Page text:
Bacon Random Chess

“TCEC to organize a Fischer Random Chess computer tournament,” reads the headline on the Chessdom website ( The official announcement says, “TCEC have decided to run a Special Event – Fischer Random Chess (FRC) tournament with the 8 best engines (supporting FRC) from the season that just ended.
In Fischer Random Chess (Chess960) the pieces at the starting position are placed randomly in one of the 960 possible ways. In this particular competition opening books won’t be used. The engines will play from move 1.
The tournament will start on 26th June, 2014 at 20:00 CET in a quad robin format with a total of 112 games. The results here will not affect the TCEC rating list.”
I am all for the “engines” playing “from move 1.” I cannot understand why humans make the programs start the game with an opening position previously played by human players. The programs are frequently forced, by humans, to make what the engine considers to be inferior moves.
I am against “Fischer Random” chess. To play “FR” chess a computer, or some kind of random position generator is required. I propose a kind of random chess in which a human dictates events from the get-go. The starting position sees only the pawns on the board. White moves first, placing any of his eight pieces on any of the back-rank squares. Black then has the next two moves. After that the players alternate placing the pieces until all are placed. This is called “Bacon Random Chess.” Your move!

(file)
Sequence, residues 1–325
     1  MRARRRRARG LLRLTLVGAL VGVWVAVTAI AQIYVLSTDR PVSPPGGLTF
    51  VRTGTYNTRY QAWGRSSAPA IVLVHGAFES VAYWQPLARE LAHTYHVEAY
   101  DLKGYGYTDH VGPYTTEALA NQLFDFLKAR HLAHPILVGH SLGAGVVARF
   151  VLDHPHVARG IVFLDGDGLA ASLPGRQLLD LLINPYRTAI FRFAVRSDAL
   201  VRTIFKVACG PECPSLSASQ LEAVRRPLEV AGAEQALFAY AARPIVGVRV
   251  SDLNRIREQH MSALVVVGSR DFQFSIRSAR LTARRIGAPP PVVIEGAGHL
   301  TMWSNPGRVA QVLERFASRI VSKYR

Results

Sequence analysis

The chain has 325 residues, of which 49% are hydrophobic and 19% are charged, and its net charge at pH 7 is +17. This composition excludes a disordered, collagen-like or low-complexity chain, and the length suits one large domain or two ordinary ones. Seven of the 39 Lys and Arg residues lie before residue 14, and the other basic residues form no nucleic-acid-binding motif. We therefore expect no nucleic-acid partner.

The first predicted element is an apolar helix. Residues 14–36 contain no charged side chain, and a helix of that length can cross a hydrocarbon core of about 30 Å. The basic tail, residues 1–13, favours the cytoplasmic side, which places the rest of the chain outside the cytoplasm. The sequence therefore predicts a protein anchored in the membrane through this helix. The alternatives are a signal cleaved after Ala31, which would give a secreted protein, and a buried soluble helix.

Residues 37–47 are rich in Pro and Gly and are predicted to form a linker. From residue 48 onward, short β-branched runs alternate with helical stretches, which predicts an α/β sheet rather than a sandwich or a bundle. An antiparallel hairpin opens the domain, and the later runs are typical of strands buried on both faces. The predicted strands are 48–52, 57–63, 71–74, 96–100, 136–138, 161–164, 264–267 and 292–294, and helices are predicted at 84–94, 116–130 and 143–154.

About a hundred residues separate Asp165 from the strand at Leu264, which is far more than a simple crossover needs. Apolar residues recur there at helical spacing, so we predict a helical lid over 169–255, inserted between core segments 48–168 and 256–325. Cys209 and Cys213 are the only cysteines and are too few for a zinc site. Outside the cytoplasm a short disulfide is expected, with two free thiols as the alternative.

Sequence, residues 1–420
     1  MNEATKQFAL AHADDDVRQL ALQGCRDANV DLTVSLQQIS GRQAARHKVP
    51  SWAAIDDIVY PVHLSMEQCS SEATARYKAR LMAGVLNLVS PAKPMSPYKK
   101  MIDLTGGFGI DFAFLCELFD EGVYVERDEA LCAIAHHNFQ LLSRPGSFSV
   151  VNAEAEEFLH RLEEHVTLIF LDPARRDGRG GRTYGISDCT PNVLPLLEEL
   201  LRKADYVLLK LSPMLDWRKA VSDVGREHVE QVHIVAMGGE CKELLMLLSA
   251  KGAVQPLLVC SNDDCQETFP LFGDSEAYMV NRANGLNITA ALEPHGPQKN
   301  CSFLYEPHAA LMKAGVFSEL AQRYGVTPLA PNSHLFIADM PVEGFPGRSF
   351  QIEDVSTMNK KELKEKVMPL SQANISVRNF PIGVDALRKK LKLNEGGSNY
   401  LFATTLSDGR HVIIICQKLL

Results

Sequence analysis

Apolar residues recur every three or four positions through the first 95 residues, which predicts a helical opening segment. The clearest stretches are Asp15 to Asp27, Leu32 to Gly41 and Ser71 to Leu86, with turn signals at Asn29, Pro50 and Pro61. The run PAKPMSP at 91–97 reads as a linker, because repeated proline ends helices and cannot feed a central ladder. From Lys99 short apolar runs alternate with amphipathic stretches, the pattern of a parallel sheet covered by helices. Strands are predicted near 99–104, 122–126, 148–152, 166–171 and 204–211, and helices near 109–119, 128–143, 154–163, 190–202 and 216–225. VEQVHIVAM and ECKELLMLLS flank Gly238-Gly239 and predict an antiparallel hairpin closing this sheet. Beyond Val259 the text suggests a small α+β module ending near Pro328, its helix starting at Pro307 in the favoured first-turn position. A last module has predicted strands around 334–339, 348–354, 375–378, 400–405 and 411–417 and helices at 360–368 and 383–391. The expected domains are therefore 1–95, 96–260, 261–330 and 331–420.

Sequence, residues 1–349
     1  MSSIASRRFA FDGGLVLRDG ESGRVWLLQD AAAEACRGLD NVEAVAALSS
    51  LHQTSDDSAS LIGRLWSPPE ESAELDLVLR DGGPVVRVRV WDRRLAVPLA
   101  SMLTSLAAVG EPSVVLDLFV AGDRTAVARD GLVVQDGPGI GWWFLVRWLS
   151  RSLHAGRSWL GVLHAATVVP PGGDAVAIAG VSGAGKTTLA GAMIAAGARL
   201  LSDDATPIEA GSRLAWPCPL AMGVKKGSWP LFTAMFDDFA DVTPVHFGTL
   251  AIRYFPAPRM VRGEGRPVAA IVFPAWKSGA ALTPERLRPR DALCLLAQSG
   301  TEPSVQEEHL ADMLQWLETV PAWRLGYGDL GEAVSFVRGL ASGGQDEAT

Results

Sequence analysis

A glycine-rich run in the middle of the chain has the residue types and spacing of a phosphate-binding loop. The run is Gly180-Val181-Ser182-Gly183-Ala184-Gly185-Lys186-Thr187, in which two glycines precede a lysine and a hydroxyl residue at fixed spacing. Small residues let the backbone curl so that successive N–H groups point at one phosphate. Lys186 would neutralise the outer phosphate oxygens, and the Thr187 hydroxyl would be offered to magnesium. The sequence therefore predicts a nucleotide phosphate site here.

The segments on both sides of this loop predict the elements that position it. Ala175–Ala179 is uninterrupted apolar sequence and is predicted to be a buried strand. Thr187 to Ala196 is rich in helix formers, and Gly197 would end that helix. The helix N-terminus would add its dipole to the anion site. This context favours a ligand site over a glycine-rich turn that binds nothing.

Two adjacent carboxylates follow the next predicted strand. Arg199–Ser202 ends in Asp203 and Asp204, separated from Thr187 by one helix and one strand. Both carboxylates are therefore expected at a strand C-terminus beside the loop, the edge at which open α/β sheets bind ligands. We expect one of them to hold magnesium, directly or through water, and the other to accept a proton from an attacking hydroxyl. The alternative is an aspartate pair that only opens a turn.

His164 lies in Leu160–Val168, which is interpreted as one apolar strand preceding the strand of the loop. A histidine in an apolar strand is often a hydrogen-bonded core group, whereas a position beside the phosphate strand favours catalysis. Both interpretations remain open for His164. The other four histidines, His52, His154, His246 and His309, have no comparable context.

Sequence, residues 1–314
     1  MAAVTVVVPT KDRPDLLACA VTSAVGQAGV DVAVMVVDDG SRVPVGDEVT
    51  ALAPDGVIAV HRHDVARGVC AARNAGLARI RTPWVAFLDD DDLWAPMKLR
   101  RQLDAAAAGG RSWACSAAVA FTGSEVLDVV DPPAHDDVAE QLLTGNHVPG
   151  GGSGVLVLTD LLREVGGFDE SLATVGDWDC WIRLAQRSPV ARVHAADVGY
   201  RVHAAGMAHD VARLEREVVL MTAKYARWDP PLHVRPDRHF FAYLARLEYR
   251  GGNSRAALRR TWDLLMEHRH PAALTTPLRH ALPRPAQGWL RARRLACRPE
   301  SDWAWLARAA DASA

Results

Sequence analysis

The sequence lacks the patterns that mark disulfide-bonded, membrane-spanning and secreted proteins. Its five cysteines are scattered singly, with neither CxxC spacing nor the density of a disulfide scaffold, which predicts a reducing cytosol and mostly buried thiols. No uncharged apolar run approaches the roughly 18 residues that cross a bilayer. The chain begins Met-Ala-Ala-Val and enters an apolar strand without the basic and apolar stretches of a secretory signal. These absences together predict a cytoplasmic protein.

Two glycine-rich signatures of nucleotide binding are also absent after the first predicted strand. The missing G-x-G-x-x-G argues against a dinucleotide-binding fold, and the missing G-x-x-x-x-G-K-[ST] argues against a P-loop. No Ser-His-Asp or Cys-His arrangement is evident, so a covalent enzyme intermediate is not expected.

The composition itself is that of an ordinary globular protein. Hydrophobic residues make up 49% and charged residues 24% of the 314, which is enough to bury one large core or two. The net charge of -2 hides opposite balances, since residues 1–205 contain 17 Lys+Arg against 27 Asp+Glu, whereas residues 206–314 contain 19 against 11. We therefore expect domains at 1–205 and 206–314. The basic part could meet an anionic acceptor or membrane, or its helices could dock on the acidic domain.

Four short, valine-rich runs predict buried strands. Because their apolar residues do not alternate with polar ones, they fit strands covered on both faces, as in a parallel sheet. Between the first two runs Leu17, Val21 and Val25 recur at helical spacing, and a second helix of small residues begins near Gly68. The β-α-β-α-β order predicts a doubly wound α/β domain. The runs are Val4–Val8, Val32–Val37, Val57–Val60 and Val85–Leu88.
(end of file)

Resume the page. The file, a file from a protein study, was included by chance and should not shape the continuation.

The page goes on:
2 thoughts on “Bacon Random Chess

  1. Mike Mulford says:

    Benko proposed the placement by the player idea back in the late 70s. He called it Pre-chess. I even played in a correspondence section in Northwest Postal Chess. Your idea of two consecutive placement moves is novel. I have no problem with it, but from my standpoint the advantage black gains from placing second helps neutralize white’s first move advantage, so it is arguable whether it is necesary or even desirable to reduce that benefit.

  2. GeneM says:

    . .
    Years ago I briefly dabbled with different “asymmetrical” back rank formations, to compare against chess960-FRC.

    Compared to chess960 start setups (meaning all 32 pieces), I can confidently say that…
    “Asymmetrical” setups, where the two kings do not start across from each other on the same column, are far more confusing to play than are any of the chess960 setups. Same goes for all other officer types, not just for the kings. I doubt people could enjoy asymmetrical games they way many enjoy chess960.

    By the way, ideally the ‘Random’ would be removed from Fischer Random Chess (and from chess960).
    Instead, one of the more sensible alternative 959 setups should be chosen as second stable setup to be routinely reused, reused a lot like the traditional setup of reused. Then we could all watch a new book of open theory grow from infancy, and a fast Fritz-fueled rate barely imagined when Fischer was WCChamp.

    Watch that opening book growth, and participating in it, would be an experience that today’s amateur and professional players will otherwise never have. The eventual results would also give us a perspective on opening principles in chess that we cannot obtain until humanity develops a second opening book.

    GeneM, 2014-June-27
    . .

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